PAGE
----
The Pescara Circuit was a 16.032 miles (25.8 km) race course made up entirely of public roads near Pescara, Italy that hosted the Coppa Acerbo auto race. Pescara is the longest Formula One circuit ever.
|Location||Pescara, Abruzzo, Italy|
|Time zone||GMT +1|
|Major events||Formula One|
Pescara Grand Prix
|Temporary road course (1934-61)|
|Length||25.8 km (16.032 mi)|
|Race lap record||9:44.6 – 98.726 mph ( Stirling Moss, Vanwall, 1957)|
|Temporary road course (1924-33)|
|Length||25.578 km (15.894 mi)|
The country and town roads used were both narrow and bumpy. Like many long circuits (such as the original Nürburgring and Spa-Francorchamps circuits), Pescara was revered as a fantastic driver's circuit, but also like Spa and the Nürburgring, it was extremely dangerous and unforgiving.
The long track travelled through a number of villages situated on hills surrounding Pescara, following a roughly triangular shape with its corners at the seaside municipality of Pescara. It included two 3.4 mi (5.5 km) long straights (only slightly shorter than the Mulsanne Straight at Le Mans) between the seaside municipality of Montesilvano, nicknamed "The Flying Kilometre". It was on "The Flying Kilometre" that Guy Moll was killed during the 1934 Coppa Acerbo. The highest point, at Spoltore, was 185 m (600 ft) above sea level.  The track started just outside the middle of Pescara, moving west through the suburb of Rione Partenze, and then into the hilly villages of Frascone, Valle Carbone, Spoltore, and Case Fornace, going through a mixture of slow and fast bends before dropping out of the hills into the inland municipality of Cappelle sul Tavo, then down the first 3.4 mile straight northeast to Montesilvano before going down another 3.4 mile straight and returning to Pescara.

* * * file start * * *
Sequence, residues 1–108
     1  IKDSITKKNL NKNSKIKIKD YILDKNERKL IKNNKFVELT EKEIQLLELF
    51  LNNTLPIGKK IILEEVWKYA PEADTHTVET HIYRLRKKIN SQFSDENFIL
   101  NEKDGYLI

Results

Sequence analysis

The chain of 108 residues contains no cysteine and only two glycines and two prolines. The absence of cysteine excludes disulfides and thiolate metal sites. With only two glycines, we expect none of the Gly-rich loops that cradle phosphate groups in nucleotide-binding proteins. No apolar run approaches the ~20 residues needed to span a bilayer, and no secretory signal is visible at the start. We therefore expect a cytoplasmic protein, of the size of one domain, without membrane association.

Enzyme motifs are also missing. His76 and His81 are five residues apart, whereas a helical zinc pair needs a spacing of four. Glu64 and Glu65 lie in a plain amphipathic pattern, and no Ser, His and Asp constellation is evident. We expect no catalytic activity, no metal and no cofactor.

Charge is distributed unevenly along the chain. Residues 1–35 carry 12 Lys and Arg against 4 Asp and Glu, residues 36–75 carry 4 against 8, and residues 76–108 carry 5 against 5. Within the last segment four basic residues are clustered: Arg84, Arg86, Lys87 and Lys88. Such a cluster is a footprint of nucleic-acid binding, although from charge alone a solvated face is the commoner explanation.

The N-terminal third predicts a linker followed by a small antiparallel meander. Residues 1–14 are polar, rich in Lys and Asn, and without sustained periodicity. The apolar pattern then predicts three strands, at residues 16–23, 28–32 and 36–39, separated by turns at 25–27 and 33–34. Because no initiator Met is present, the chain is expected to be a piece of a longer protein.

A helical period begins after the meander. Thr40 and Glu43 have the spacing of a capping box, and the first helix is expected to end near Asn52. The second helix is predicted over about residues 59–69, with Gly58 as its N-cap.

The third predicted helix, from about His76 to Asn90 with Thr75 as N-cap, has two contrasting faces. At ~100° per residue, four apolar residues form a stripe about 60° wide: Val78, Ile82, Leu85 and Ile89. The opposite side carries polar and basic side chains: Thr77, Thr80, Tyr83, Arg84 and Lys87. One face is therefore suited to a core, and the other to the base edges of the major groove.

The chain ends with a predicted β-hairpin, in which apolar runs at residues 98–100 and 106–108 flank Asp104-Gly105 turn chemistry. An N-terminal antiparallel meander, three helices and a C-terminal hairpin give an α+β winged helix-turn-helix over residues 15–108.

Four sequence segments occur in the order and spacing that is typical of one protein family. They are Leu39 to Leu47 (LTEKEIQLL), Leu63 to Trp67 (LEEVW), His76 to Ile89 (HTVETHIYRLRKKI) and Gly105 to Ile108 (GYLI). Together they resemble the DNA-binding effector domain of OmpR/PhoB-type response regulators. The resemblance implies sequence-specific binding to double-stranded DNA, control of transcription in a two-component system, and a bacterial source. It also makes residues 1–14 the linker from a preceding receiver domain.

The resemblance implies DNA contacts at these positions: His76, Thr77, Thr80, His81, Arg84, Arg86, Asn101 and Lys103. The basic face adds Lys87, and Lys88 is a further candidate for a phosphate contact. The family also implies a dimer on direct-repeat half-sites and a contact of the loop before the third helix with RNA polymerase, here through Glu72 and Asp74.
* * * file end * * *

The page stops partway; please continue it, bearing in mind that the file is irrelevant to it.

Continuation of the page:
The first race took place in 1924 and non-Championship Formula One races followed in the early 1950s, with one official Formula One World Championship event in 1957 due to the cancellation of other races. The Pescara Grand Prix drew in excess of 200,000 spectators, and remains the longest circuit in terms of lap distance ever to stage a Formula One Grand Prix. But the circuit was feared even by Enzo Ferrari who did not send his cars to this race out of fear for his drivers' safety.
The track's last race was a four-hour World Sportscar Championship race in 1961, won by Lorenzo Bandini and Giorgio Scarlatti driving a Ferrari 250 TR for Scuderia Centro Sud. After that race the circuit was permanently retired as a racing venue as it was impossible for the organizers to guarantee the safety of drivers and spectators.
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- "1961 Pescara 4 Hours | Motor Sport Magazine Database". Motor Sport Magazine. 2017-06-12. Retrieved 2018-09-11.
- Etracksonline page on Pescara circuit
- Approximate circuit layout on Google Maps
- Approximate circuit layout on Motopaner